But that wasn’t the end.  Praise God that wasn’t the end!  Because on Easter morning, the stone was rolled away from the tomb and Jesus came out alive!  It isn’t just His death that gives me life, it is His resurrection!  That is why people of faith around the world celebrate this holiday.  That is why we gather in churches across the world with fellow believers and sing praises to the One who didn’t just die for me, but He ROSE for me!  He conquered death and hell and as a result, has both the ability and authority to set me free forever!  I cannot help but sing out the words to that song…”My chains are gone!  I’ve been set free!  My God, my Savior has ransomed me.  And like a flood, His mercy reigns…unending love, amazing grace.”

shutterstock_74847238So this Easter season, I pray we are all filled with the assurance that we are loved beyond comprehension by the One who has the power to redeem us not only for eternity, but for every day and every moment.  I pray we pause to consider His sacrifice and honor it by spending more time living a life filled with genuine love, not judgment, for others.  We are all just sinners saved by His grace, and the sooner we realize the only reason we live is because He died, the sooner our arrogance and pride will fade into a humble gratitude for the unspeakable gift He gave.

Blessings!

Click here to watch “Do Plants Respond To Pain?”

I Still Believe…

Every year I get out my Christmas decorations and put them up the weekend after Thanksgiving.  In the midst of my decorations each year sits a framed letter I wrote to Santa when I was only nine years old.  I don’t always stop to re-read it but this year I took a few extra moments to do so and decided to share it with all of you.

photo 2As cute as I find that letter, it strikes me how much I can see my adult self in that little girl’s note.   I loved Christmas…and still do.  Even though I was starting to get older, I still chose to hold to the truth there was a Santa Claus out there who spread love and joy around the world.  I had a wonderful childhood and it wasn’t that I was trying to live in some fantasy world, but I just loved Santa and what he represented. I’ve often said I was not a normal kid and it’s so true!  I remember writing that letter and truly believing everything I said.  First of all, I knew that I could always be a better person.  I didn’t care about material gifts but gifts of the heart.  To me, love was the greatest gift you could give or receive.  Love also meant you were honest, which is why I couldn’t even get through my letter to Santa without correcting my opening statement that I had been “good.”   I felt like I didn’t deserve anything not because I was so terrible, but because I felt like I hadn’t done enough to help others.  I wanted “stuff” for other people (or animals)! Yeah…I was a sappy child.  All I wanted was for Santa to know that he was important to me and that I loved him.  And if there was something he could bring me, I didn’t want stuff because it didn’t matter to me at all.  More than anything, I just wanted him to know that I was grateful and that I cared about him and loved him with all my heart.  It’s interesting to me that what I said or asked for in my letter is still reflective of the way I think today.   Material things still don’t matter to me.  Sure, they are nice to have, but what really matters is the connections and relationships we have with the people around us.  What matters is love.  THAT is the true magic of Christmas.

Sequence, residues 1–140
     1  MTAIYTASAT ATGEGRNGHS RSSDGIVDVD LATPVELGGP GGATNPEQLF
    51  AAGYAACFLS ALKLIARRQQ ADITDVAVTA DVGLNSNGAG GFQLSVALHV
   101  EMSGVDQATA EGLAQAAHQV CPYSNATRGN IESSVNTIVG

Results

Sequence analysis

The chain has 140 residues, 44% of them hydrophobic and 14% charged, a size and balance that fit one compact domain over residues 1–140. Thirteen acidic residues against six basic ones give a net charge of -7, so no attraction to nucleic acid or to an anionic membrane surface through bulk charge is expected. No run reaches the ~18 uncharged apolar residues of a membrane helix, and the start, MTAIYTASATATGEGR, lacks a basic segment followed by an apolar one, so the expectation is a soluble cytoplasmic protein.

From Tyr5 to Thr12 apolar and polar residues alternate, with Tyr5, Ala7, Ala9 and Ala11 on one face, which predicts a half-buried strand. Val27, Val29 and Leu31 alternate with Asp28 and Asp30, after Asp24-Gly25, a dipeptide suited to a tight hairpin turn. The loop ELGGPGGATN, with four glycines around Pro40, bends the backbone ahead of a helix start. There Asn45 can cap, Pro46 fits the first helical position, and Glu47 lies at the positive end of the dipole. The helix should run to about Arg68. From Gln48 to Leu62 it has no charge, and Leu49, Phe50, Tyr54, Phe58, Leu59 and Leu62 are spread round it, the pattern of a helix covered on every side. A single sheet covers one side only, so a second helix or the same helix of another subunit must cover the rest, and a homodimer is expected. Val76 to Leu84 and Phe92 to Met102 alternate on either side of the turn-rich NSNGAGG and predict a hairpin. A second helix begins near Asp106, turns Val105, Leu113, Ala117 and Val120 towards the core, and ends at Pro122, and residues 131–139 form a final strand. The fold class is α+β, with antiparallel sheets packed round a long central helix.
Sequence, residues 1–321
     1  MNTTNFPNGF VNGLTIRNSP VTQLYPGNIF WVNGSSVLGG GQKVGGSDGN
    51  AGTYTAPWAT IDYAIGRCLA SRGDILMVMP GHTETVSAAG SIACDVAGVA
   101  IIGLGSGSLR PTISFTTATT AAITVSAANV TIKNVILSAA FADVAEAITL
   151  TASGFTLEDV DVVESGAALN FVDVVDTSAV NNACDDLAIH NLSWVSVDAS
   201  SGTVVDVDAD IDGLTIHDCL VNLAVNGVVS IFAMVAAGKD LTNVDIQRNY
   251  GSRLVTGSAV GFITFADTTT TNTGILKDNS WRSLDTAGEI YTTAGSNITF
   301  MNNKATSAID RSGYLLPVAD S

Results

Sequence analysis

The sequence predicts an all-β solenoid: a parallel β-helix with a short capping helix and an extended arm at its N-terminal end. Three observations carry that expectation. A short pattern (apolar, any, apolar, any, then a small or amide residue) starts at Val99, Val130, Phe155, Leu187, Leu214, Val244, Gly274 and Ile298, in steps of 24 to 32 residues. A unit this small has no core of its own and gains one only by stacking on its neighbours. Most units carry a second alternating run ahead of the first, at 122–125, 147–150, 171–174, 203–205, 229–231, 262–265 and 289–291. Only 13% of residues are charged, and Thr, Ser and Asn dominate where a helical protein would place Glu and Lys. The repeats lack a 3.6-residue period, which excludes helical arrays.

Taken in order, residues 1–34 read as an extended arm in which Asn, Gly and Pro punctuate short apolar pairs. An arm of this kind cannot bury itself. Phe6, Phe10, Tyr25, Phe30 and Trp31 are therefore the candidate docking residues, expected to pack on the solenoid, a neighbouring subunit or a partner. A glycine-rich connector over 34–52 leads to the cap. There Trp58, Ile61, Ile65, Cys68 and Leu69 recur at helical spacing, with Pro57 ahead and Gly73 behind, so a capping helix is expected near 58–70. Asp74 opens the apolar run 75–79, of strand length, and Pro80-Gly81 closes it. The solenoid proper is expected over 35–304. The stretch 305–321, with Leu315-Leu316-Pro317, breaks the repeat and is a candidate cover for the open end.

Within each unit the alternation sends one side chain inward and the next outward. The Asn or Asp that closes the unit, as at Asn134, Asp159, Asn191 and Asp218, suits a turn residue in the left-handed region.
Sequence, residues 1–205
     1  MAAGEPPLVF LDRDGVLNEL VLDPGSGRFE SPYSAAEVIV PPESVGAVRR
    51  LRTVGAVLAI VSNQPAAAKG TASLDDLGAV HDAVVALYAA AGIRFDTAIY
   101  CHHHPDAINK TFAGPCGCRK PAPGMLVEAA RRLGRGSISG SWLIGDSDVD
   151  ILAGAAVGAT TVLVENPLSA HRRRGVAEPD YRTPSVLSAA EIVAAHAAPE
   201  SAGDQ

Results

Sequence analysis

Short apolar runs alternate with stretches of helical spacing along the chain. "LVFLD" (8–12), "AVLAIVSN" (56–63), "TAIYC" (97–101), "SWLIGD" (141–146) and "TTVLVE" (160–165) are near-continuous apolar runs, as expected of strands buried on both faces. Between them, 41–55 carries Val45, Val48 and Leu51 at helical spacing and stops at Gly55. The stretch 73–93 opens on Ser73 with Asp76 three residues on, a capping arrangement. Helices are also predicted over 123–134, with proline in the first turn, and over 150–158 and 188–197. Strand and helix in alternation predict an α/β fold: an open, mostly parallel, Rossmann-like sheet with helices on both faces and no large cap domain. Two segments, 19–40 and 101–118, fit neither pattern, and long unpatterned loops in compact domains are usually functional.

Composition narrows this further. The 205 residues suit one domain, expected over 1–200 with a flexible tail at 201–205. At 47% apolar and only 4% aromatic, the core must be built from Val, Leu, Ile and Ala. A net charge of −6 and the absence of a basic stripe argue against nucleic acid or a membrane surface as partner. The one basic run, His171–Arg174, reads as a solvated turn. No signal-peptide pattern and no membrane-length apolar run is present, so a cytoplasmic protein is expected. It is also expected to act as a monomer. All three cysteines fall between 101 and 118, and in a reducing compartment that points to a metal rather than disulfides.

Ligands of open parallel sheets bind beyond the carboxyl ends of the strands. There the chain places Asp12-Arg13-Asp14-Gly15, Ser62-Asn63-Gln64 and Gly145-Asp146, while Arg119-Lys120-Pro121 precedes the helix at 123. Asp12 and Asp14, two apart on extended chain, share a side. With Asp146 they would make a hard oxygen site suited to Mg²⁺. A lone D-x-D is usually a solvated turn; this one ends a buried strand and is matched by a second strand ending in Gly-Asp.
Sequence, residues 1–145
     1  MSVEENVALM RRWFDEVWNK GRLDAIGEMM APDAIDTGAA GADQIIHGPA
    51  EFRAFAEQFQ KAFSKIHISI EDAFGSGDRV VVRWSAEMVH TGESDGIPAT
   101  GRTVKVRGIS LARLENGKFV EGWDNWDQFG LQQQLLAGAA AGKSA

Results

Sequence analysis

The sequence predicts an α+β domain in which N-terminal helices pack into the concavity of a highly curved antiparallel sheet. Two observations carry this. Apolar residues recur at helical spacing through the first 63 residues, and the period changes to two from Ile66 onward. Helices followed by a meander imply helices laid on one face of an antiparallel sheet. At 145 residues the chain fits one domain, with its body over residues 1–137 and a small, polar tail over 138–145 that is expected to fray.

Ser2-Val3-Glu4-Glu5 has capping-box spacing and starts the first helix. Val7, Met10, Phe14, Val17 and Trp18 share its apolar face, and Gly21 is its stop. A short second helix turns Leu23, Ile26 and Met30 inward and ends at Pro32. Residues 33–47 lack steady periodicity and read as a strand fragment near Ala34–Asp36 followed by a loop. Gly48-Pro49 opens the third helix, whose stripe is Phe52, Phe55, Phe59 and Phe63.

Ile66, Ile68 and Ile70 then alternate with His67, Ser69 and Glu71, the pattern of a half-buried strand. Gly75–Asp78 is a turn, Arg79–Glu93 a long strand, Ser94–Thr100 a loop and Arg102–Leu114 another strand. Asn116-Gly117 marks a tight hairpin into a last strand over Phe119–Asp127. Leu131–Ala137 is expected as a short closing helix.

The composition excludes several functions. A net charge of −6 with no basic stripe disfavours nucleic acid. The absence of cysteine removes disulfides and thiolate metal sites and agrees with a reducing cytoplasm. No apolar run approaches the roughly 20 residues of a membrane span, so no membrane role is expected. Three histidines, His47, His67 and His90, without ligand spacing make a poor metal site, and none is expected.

So in this season of overspending and over-committing to activities, let us remember to stop and show our love to the people in our lives…not with gifts we can buy but with the gift of ourselves and our time.  In a season where the world tries to distract us from the true reason why there IS a Christmas, let us be thankful to our Father who IS love.

And may my grown up Christmas letter always be filled with the same sentiment it had when I was nine. Blessings!